Growing Boys


Tappan, teens reconsider what it really means to be a man

By Patrick McBride '97
Photography by Fred Field

As a professor of education and human development and chair of the Education Program, Mark Tappan witnessed the groundbreaking work on girls' development done by his partner and fellow professor, Lyn Mikel Brown, and he realized there was more to be done.

For boys.

Last year, using area middle schools as his real-life classroom, Tappan set out to explore the role that cultural messages and stereotypes about masculinity play in the lives of boys and young men.

"Our goal was to begin a conversation about masculinity," Tappan said, "about what it means to be a 'real boy' or a 'real man,' and to begin to address both the pressures and the privileges that boys and men face in contemporary society."
Working with his students, Tappan linked with junior high schools in Winslow and Fairfield to provide a safe environment for boys to explore pervasive messages and stereotypes. Last spring, students in Tappan's course, Boys to Men, played host to a one-day conference on campus to address these issues in an interactive program. It was the first step in what Tappan knows will be a long and arduous process.

Keegan Albaugh '07J, left, with students at Winslow Junior High School. At right is Mark Tappan, professor of education, who is exploring issues relating to gender stereotypes for adolescent boys.
Photo by Fred Field
Tappan has collaborated with a Portland-based group, also called Boys to Men (, whose purpose is to educate young men on the dangers of gender stereotyping. Among its goals is promoting respect and reducing gender-related violence. Boys to Men board members include David Vaughan '77, a teacher at Waynflete School in Portland.

Tappan, his students, and organizations such as Boys to Men are addressing an area of longstanding concern in the United States"and for good reason. An estimated four million women each year are victims of serious violence perpetrated by an intimate domestic partner. One woman in three experiences at least one physical assault from a domestic partner during adulthood, according to the American Bar Association's Commission on Domestic Violence.

There is also a heightened concern about bullying and violence in U.S. schools. "Most of the bully-prevention curricula don't really address the gendered nature of bullying," Tappan said. "For boys, bullying is related to both the privileges and the pressures they experience as males in this culture. Boys often take those pressures out on others who are less powerful, and the nature of these expectations and pressures bear a relationship to how and why boys bully."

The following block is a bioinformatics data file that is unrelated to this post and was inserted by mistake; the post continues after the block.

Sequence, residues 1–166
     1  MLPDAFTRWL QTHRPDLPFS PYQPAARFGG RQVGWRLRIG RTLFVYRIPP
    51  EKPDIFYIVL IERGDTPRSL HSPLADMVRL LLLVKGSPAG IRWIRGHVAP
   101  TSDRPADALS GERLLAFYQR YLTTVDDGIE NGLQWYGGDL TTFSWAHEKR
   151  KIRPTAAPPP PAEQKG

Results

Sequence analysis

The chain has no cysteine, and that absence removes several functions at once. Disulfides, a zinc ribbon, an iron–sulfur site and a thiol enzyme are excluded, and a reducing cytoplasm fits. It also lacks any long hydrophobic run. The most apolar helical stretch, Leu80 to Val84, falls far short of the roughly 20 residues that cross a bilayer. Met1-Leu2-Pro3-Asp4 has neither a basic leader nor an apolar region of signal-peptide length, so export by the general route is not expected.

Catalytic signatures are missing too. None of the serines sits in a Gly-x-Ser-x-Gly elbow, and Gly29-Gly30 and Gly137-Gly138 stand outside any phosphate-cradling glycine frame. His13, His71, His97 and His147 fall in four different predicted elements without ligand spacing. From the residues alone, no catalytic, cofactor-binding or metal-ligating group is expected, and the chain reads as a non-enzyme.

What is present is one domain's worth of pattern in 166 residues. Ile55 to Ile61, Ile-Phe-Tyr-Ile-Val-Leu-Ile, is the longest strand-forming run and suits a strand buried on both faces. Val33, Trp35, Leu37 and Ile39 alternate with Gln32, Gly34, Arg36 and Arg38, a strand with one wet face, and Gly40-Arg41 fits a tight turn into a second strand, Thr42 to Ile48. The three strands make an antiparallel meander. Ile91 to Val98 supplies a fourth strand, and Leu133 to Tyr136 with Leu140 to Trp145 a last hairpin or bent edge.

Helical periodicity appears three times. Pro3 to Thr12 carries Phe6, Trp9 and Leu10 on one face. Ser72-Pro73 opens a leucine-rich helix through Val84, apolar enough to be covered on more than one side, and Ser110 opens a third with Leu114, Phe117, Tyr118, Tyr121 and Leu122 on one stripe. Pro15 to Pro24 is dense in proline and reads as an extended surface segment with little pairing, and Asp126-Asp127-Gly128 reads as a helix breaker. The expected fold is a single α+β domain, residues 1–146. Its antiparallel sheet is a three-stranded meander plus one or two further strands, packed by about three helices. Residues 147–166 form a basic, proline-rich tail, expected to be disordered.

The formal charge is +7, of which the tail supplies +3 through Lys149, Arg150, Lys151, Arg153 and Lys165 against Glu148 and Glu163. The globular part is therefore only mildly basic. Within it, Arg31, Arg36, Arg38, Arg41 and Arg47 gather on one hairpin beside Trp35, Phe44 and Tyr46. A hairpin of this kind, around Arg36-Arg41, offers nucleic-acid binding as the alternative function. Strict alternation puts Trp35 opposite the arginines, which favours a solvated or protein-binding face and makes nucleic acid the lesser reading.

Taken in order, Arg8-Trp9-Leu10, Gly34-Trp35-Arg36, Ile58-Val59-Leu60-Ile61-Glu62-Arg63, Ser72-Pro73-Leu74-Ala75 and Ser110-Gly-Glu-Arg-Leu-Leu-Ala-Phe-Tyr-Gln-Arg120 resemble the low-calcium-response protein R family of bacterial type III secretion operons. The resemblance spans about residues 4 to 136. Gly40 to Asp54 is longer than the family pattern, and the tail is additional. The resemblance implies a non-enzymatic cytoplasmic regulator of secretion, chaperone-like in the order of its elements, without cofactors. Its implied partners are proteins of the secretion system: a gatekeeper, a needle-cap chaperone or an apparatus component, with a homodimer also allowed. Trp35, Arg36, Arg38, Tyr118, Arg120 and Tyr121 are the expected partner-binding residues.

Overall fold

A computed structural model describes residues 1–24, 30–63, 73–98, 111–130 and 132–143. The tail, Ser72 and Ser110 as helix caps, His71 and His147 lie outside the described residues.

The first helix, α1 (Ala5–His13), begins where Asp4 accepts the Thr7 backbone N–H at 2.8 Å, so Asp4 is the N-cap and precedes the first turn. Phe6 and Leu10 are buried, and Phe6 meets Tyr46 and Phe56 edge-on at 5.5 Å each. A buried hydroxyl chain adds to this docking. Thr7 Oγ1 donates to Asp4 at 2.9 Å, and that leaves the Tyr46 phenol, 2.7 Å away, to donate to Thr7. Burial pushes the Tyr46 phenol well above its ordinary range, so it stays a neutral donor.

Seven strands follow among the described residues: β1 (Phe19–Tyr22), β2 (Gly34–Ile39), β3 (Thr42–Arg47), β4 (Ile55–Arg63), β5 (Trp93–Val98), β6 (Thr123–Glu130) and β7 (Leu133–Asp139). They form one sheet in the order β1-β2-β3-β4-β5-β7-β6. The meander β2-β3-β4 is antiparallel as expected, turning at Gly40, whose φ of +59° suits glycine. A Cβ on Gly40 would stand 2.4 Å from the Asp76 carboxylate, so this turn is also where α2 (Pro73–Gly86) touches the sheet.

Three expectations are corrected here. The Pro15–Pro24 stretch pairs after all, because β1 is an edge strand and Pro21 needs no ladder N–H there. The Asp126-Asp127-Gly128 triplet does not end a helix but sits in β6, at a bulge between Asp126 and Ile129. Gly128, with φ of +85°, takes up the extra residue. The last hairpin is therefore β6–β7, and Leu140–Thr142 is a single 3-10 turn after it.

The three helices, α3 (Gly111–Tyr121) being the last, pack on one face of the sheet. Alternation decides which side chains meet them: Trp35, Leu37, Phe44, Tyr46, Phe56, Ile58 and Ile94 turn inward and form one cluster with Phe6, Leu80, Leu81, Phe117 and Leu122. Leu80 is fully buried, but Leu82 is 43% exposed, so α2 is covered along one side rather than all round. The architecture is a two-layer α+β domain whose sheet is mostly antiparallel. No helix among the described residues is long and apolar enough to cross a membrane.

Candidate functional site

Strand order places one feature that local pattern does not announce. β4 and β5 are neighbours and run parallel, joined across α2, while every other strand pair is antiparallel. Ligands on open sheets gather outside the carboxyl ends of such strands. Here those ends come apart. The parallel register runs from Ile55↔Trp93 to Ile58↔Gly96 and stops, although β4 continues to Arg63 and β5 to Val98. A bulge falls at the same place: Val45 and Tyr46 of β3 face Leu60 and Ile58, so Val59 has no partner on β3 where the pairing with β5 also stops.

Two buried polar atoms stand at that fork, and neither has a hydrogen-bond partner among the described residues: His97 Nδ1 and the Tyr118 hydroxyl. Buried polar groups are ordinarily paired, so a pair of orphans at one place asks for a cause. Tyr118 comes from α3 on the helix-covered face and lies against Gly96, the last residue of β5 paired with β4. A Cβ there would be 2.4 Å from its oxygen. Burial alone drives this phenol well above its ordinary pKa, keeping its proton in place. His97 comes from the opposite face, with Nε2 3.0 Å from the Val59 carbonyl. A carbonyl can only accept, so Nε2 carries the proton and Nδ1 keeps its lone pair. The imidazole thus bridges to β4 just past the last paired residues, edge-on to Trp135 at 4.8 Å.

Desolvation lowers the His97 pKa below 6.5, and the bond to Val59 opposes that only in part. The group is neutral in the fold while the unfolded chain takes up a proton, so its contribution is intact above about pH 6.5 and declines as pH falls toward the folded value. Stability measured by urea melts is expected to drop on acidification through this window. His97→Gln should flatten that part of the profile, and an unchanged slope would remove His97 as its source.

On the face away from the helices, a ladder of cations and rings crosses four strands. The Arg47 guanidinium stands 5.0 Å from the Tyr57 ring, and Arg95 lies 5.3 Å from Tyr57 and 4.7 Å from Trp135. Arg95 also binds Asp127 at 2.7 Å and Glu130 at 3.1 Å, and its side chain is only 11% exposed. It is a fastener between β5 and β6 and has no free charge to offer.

Keegan Albaugh '07J, who works closely with Tappan on the project and also works with boys at the Alfond Youth Center and the South End Teen Center in Waterville, says it's critical to provide kids with a venue to talk about important issues that don't really come up in school or at home. "The workshops provide an opportunity to take some of the issues and pressures and talk about them," Albaugh said.

Mike Pendleton, a student at Winslow Junior High School, said the boys in the group are beginning to communicate. "It's nice to talk about things like what's going on at home and know it is confidential," Pendleton said. "And it's also nice to hang out with friends and have the security of knowing that what you say won't be spread throughout the school."

And that is a start. "You have to start moving the wheel, and that's what we are doing right now," Albaugh said.

Boys encounter intense gender-related pressures earlier in their lives than girls, Tappan said. For that reason he's focusing his efforts on middle-school boys in hopes of engaging an audience that is still open to new ideas. With the support of Winslow Junior High School guidance counselor Penny Linn '73, Tappan and his students initiated a weekly discussion group for eighth-grade boys last fall. Some of the concepts would be lost on younger boys, Tappan said, but waiting until high school to introduce these topics may be too late. Male ideals of control and stoicism are introduced to boys at an early age and reinforced throughout adolescence, he said.

"Boys face these issues from early on and from a variety of cultural and environmental influences, but it is not until middle school that they are able to cognitively reflect upon them," Tappan said. "We want the boys to be aware and see where the pressures come from and help them develop some language and tools that allow them to deal with the culture as it comes their way."

Ultimately the goal is to challenge and resist traditional and conventional definitions of masculinity that are both limiting and constraining for many boys and that promote male privilege and power.

Until that happens, boys will continue to fight back tears in public, but through the efforts of Tappan and his students, more students will be able to overcome gender pressures defined by society.

"Will the boys practice what we are teaching right now? Probably not," said Linn, the guidance counselor. "Down the road, as they mature, they will be aware of the stereotypes and gender issues and hopefully make good choices and define roles according to their own beliefs."